OBJECTIVE: Since 2011, the Euroscore II is available and can be used to predict mortality after cardiac surgery. The aim of this study was to assess the current hospital mortality rates and to validate this score in a large monocentric cohort of octogenarian patients operated for aortic valve replacement (AVR).
METHODS: Between January 2002 and December 2014, 1240 consecutives octogenarian patients (573 females/ 667 males) with a mean age of 82.6±2.3 years [80-94] underwent surgical isolated AVR (n=769 – 62.0%) or combined procedure (AVR + Coronary Artery Bypass Grafting CABG: n=471 – 38.0%) in the same center. Global mean Log Euroscore and Euroscore II were respectively 10.5±6.5% [5.5%-67.9%] and 3.4±4.0% [0.9%-51.4%].
RESULTS: The hospital mortality rate was 2.3% (n=28). Median ICU stay was 2 days [Min-Max: 0-60] for a median hospital length of stay of 12 days [Min-Max: 6-112]. In multivariate analysis, the independent risk factors for hospital mortality were preoperative cardiogenic shock (OR=12.60; 95%CI [3.71-37.21]) and cardiopulmonary bypass time (OR=1.02; 95%CI [1.01-1.03]). Associated bypass grafting was not associated with a significant increase of mortality (hospital mortality of 2.0% (n=15) and 2.8% (n=13) for isolated and combined AVR respectively). Neither the Logistic Euroscore nor the new Euroscore II were correlated with mortality, with poor discriminative powers (Areas under the ROC curve of 0.60 95%CI [0.57-0.62] and 0.58 95%CI [0.55-0.61] respectively).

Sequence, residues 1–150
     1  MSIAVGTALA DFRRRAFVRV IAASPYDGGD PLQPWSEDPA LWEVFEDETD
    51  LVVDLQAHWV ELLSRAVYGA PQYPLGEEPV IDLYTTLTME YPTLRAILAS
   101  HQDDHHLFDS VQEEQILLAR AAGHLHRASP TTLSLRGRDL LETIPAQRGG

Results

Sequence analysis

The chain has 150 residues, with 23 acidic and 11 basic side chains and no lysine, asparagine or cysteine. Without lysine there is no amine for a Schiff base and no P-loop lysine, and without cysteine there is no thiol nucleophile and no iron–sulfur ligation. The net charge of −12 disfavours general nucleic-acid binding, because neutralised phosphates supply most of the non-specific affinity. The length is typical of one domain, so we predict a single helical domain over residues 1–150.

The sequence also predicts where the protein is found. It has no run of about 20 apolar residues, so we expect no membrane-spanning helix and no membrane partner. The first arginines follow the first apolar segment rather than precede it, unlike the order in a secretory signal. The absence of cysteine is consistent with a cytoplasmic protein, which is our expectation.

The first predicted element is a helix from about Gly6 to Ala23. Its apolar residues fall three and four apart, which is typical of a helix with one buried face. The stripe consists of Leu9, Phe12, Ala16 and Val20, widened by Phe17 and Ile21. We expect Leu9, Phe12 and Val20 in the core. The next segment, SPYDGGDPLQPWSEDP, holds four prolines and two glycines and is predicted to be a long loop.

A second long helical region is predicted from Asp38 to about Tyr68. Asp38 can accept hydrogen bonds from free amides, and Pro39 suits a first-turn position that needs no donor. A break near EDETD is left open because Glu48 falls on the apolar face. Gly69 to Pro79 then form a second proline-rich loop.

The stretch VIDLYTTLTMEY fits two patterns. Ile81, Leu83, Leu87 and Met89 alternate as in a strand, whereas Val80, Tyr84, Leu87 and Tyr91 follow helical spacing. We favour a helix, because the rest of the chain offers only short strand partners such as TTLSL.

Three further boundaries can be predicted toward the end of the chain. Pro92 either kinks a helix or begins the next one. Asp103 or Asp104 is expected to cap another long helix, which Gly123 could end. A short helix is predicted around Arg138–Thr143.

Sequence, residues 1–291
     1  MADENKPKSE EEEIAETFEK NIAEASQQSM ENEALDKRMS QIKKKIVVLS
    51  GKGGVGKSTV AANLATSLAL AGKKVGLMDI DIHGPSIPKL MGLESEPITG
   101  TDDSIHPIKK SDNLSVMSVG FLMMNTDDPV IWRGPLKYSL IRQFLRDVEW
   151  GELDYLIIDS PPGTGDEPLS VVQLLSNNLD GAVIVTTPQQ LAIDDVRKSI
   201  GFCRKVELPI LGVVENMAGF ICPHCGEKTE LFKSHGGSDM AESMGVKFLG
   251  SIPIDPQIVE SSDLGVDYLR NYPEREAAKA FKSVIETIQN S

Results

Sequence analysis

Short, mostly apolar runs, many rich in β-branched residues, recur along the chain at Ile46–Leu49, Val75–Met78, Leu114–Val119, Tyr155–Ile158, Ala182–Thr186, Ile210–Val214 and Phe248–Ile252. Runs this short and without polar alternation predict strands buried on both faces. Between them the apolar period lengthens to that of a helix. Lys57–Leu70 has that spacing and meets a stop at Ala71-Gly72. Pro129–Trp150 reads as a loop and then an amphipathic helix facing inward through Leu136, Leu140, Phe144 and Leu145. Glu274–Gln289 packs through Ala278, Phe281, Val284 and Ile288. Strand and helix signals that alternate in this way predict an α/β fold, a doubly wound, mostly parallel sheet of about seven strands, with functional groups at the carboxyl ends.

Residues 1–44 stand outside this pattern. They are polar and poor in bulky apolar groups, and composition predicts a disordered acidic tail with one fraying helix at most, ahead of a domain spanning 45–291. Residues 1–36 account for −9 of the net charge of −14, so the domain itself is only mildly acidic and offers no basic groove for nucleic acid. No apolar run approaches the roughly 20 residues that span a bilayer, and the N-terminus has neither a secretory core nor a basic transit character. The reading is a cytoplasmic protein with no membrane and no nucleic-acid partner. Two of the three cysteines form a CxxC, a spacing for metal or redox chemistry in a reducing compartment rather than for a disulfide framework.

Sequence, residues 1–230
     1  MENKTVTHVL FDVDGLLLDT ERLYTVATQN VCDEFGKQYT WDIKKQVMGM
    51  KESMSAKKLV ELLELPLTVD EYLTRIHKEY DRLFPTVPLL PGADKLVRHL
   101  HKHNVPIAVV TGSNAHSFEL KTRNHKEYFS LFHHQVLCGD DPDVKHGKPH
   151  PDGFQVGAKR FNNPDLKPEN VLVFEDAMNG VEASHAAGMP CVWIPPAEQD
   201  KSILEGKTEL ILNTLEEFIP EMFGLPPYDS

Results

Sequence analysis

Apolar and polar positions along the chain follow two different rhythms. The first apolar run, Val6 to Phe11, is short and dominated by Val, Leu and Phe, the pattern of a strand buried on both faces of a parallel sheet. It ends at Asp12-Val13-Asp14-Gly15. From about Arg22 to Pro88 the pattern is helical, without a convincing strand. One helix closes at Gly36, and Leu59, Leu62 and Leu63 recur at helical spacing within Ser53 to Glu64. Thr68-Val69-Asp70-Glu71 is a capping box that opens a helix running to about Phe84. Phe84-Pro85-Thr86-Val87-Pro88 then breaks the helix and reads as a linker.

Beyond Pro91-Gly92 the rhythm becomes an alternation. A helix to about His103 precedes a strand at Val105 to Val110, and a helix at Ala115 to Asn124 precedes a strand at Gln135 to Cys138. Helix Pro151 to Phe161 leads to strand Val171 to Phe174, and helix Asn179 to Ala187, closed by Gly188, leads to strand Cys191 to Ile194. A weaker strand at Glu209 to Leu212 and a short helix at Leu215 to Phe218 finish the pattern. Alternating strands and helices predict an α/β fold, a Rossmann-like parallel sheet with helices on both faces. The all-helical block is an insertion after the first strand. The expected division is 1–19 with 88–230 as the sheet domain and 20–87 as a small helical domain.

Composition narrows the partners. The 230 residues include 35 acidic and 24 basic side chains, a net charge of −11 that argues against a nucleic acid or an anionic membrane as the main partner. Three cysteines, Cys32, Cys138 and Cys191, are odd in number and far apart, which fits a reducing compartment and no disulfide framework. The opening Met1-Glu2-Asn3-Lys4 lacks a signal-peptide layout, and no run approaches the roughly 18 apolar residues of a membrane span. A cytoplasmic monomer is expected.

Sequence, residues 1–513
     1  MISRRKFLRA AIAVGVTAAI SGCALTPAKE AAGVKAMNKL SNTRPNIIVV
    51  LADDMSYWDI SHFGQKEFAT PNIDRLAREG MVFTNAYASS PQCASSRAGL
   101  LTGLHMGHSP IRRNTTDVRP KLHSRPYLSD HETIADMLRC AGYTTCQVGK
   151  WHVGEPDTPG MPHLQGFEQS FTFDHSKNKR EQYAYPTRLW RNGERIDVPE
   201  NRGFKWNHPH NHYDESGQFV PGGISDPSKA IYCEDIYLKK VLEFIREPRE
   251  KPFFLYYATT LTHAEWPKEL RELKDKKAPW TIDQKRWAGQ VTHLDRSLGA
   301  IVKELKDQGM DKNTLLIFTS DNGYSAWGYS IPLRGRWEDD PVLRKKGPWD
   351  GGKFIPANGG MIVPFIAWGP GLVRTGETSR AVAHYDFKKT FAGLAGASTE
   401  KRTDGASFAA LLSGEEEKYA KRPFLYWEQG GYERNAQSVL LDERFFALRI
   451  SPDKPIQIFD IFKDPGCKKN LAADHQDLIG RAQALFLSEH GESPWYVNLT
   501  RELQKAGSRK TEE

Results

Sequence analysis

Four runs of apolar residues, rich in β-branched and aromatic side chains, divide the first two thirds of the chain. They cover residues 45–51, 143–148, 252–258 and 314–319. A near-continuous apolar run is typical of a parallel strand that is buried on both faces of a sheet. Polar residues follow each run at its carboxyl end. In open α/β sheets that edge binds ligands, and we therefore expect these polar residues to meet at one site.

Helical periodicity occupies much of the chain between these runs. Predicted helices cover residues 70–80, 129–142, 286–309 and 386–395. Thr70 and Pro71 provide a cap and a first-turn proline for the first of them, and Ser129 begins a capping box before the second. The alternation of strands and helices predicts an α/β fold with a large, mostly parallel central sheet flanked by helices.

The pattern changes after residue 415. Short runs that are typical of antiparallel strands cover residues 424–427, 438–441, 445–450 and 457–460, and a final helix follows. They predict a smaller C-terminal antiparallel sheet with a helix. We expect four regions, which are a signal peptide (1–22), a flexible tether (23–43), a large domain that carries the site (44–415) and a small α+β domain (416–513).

CONCLUSIONS: Isolated AVR in octogenarians is currently safe and associated with a very low mortality rate. Associated CABG can safely be performed in selected octogenarian patients. Although closer to the observed mortality, the new Euroscore II does not allow to predict the individual risk of death of octogenarian patients requiring AVR.